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The introduction of genome- and epigenome-wide screening techniques has dramatically improved our understanding of the molecular mechanisms underlying the development of pancreatic cancer. There are now 3 recognized histologic precursors of pancreatic cancer: pancreatic intraepithelial neoplasia, intraductal papillary mucinous neoplasm, and mucinous cystic neoplasm. Each of these precursor lesions is associated with specific molecular alterations.
To understand the molecular characteristics of pancreatic ductal adenocarcinoma and its precursor lesions.
PubMed (US National Library of Medicine).
In this review, we briefly summarize recent research findings on the genetics and epigenetics of pancreatic cancer. In addition, we characterize these molecular alterations in the context of the histologic subtypes of pancreatic cancer.
Pancreatic cancer is the fourth leading cause of cancer death in both men and women in the United States. In 2010, it is estimated that 43 140 Americans will be diagnosed and 36 800 patients will die of pancreatic cancer.1 Most pancreatic cancers are pancreatic ductal adenocarcinomas and the 5-year survival rate for patients with localized disease after surgical resection is 20% and for those with metastatic disease, the survival is only 2%.1 The poor survival rate is attributed to the late detection of pancreatic cancers; 85% of patients present with advanced disease that is unresectable. Although significant resources have been committed to improving the survival of patients with pancreatic cancer in the past decades, there has been no significant improvement in survival.1 Research into the molecular mechanisms of pancreatic cancer has revealed that the disease is due to both genetic and epigenetic changes. The introduction of genome- and epigenome-wide screening techniques has expanded the numbers of genes linked to pancreatic cancer.2–6 In this review, we briefly summarize recent research findings on genetics and epigenetics of pancreatic cancer in the context of histologic variants, precursor lesions, and familial pancreatic cancer.
A recent comprehensive study of the pancreatic cancer genome profiled the genetic abnormalities of pancreatic ductal adenocarcinomas. In this study, Jones and colleagues7 sequenced 20 661 protein-coding genes in 24 ductal adenocarcinomas and demonstrated an average of 48 nonsilent mutations, 6 amplifications, and 8 homozygous deletions per pancreatic cancer. These mutations were associated with 12 core signaling pathways.7 Based on the frequency of genetically affected genes in pancreatic cancers, a genetic “topographic map” of the pancreatic cancers can be generated in which the most frequent mutations are represented as 4 “mountains” (high-frequency driver genes) involving KRAS2, CDKN2A/p16, SMAD4/DPC4, and TP53, with numerous “hills” (low-frequency driver genes) involving SMARC4A, CDH1, EPHA3, FBXW7, EGFR, IDH1, and NF1.7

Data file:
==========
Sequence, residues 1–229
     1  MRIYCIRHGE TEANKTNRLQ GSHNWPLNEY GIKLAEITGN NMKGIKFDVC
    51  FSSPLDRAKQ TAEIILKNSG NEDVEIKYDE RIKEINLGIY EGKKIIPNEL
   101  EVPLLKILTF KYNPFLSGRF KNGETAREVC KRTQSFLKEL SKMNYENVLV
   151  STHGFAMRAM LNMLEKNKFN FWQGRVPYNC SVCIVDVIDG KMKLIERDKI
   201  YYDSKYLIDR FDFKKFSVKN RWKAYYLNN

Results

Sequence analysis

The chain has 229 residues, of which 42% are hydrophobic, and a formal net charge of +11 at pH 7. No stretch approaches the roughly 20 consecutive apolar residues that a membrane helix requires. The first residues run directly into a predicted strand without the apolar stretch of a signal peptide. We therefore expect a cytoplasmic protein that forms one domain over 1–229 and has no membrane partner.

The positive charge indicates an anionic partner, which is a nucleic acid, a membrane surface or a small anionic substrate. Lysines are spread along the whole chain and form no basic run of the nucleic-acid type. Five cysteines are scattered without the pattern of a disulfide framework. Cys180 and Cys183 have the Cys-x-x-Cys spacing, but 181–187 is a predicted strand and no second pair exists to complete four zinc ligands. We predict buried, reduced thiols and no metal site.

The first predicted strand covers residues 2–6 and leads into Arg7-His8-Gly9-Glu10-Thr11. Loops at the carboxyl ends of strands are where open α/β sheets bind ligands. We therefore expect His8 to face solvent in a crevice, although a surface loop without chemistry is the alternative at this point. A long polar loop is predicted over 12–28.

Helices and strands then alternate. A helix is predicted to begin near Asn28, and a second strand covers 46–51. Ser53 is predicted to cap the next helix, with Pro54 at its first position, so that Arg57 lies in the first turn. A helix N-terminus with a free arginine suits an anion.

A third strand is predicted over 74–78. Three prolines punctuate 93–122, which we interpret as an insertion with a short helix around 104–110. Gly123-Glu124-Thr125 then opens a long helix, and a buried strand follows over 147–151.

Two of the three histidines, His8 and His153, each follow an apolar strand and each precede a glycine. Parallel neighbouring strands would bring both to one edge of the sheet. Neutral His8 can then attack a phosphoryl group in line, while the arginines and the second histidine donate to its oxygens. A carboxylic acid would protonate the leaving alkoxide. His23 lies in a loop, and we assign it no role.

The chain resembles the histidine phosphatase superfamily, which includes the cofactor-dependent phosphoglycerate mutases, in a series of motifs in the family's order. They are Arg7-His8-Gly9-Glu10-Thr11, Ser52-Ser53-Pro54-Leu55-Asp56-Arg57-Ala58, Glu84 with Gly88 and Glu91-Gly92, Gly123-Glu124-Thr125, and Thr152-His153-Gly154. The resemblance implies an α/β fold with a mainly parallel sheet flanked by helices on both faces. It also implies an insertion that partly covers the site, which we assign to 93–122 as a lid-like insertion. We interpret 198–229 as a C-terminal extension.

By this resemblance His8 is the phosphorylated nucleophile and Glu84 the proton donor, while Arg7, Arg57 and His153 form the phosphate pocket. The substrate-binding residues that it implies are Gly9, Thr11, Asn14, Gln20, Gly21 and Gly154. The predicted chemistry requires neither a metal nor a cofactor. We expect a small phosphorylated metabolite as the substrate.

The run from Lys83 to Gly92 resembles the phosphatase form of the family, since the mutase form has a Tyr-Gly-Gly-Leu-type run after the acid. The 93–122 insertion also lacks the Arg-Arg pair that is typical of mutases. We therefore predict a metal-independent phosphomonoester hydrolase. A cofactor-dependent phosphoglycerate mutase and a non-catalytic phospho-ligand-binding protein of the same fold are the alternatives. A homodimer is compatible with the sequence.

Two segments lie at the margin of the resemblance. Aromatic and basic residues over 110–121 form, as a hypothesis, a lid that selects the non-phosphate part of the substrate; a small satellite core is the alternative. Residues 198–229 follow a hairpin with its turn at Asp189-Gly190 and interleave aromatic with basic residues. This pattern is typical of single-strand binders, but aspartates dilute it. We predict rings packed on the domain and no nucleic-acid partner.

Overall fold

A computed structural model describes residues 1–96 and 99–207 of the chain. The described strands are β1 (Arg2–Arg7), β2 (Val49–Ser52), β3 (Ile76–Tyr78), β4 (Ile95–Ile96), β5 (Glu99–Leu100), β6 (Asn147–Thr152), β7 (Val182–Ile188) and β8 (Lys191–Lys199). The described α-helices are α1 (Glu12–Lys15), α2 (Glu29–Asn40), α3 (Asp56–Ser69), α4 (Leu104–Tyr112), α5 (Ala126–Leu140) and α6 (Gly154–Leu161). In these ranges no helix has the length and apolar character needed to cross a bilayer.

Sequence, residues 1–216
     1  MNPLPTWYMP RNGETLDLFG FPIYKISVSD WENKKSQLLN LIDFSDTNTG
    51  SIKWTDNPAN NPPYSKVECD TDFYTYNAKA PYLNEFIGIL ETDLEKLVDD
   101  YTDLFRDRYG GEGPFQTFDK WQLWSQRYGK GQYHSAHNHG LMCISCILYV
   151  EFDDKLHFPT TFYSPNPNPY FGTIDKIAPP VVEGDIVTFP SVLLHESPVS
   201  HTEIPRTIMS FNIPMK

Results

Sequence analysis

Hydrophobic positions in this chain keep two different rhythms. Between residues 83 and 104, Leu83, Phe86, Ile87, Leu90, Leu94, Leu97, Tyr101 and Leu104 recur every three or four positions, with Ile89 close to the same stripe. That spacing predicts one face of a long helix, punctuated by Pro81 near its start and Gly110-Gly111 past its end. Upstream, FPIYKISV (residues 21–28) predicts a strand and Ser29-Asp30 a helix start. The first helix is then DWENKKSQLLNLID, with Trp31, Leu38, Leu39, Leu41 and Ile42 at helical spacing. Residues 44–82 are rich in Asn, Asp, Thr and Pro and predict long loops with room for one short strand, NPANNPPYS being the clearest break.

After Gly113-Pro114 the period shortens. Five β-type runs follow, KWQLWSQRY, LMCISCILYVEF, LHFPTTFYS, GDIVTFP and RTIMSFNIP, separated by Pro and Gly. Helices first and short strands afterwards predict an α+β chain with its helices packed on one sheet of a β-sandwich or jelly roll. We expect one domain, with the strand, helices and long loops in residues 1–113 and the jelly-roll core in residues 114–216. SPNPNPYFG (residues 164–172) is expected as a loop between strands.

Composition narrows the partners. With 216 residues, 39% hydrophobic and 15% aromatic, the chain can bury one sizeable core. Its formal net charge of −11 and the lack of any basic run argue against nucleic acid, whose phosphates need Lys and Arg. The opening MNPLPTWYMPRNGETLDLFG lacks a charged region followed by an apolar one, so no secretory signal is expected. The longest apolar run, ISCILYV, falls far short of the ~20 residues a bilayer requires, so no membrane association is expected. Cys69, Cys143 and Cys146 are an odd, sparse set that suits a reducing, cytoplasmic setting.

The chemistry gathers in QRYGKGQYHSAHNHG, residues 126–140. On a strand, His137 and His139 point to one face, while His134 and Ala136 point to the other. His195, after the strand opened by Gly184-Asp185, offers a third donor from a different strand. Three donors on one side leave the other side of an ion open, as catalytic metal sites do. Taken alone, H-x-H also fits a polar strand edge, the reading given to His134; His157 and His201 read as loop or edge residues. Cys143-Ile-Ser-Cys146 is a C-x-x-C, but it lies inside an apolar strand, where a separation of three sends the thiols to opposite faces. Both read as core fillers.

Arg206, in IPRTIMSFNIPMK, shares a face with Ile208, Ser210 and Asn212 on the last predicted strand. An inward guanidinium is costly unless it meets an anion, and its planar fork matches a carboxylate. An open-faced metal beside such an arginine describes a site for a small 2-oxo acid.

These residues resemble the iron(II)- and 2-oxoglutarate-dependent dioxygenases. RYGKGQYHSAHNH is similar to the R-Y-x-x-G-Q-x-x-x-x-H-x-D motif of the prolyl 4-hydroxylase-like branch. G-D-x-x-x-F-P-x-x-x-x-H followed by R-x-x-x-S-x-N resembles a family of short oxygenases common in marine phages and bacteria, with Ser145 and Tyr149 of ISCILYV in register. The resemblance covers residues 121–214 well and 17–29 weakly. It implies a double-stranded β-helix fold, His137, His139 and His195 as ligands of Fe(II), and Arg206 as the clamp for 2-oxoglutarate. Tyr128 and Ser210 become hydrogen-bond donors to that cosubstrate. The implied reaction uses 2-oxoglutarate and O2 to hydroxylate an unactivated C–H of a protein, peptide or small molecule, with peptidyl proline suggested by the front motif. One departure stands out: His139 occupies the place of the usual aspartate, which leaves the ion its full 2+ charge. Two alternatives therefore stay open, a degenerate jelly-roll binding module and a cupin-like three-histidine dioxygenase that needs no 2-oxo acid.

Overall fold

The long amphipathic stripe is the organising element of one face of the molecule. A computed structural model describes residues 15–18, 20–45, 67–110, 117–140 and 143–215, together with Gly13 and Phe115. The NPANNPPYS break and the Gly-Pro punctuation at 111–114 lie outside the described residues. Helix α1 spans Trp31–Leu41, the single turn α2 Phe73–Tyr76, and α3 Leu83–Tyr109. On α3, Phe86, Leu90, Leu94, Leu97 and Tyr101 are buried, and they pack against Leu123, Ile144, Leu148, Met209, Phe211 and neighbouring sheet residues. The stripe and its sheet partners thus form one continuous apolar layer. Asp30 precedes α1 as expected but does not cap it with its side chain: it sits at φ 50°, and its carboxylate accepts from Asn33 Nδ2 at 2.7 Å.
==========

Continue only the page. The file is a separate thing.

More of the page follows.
The most frequently mutated oncogene in pancreatic cancers is KRAS2 (mutated in >95% of pancreatic cancers), which is activated by point mutations, most often in codon 12.7,8 The KRAS2 gene is located on chromosome arm 12p and encodes a membrane-bound guanosine triphosphate (GTP)–binding protein. This GTP-binding protein mediates various cellular functions, such as proliferation, cellular survival, motility, and cytoskeletal remodeling. Activating KRAS gene mutations abolish the regulated GTPase activity of the Kras protein, which results in constitutive signaling.9 Mutations in the KRAS2 gene are observed in the earliest _ENREF_10pancreatic intraepithelial neoplasia (PanIN) lesions and are considered to be one of the earliest genetic events in pancreatic tumorigenesis.7,10,11 Several additional signaling pathways downstream from KRAS2, including BRAF-MAPK and PI3K-AKT, may also be activated by mutations. The BRAF pathway is activated by a point mutation at V600E. BRAF gene mutations are observed in 5% of pancreatic cancers that do not possess a KRAS2 mutation.12 These cancers are often microsatellite unstable. Similarly, amplifications in the AKT2 gene are seen in 10% to 20% of pancreatic cancers.13,14 Amplifications of other oncogenes such as C-MYC,7,15 KRAS, and GATA6,16, 15 are less frequent.
Three tumor suppressor genes, CDKN2A/p16, TP53, and SMAD4/DPC4, are commonly inactivated in pancreatic cancers.7,17–20 CDKN2A/p16 on chromosome arm 9p is inactivated in more than 95% of pancreatic cancers by several different mechanisms, such as homozygous deletion of both alleles of the gene; intragenic mutation in 1 allele, coupled with loss of the other allele; or promoter hypermethylation.17,21,22 The p16 protein inhibits progression of the cell cycle at the G1-S checkpoint binding of cyclin-dependant kinases (CDKs), including CDK4 and CDK6.23 The TP53 gene on chromosome arm 17p is inactivated in 50% to 75% of pancreatic cancers.7,19,24,25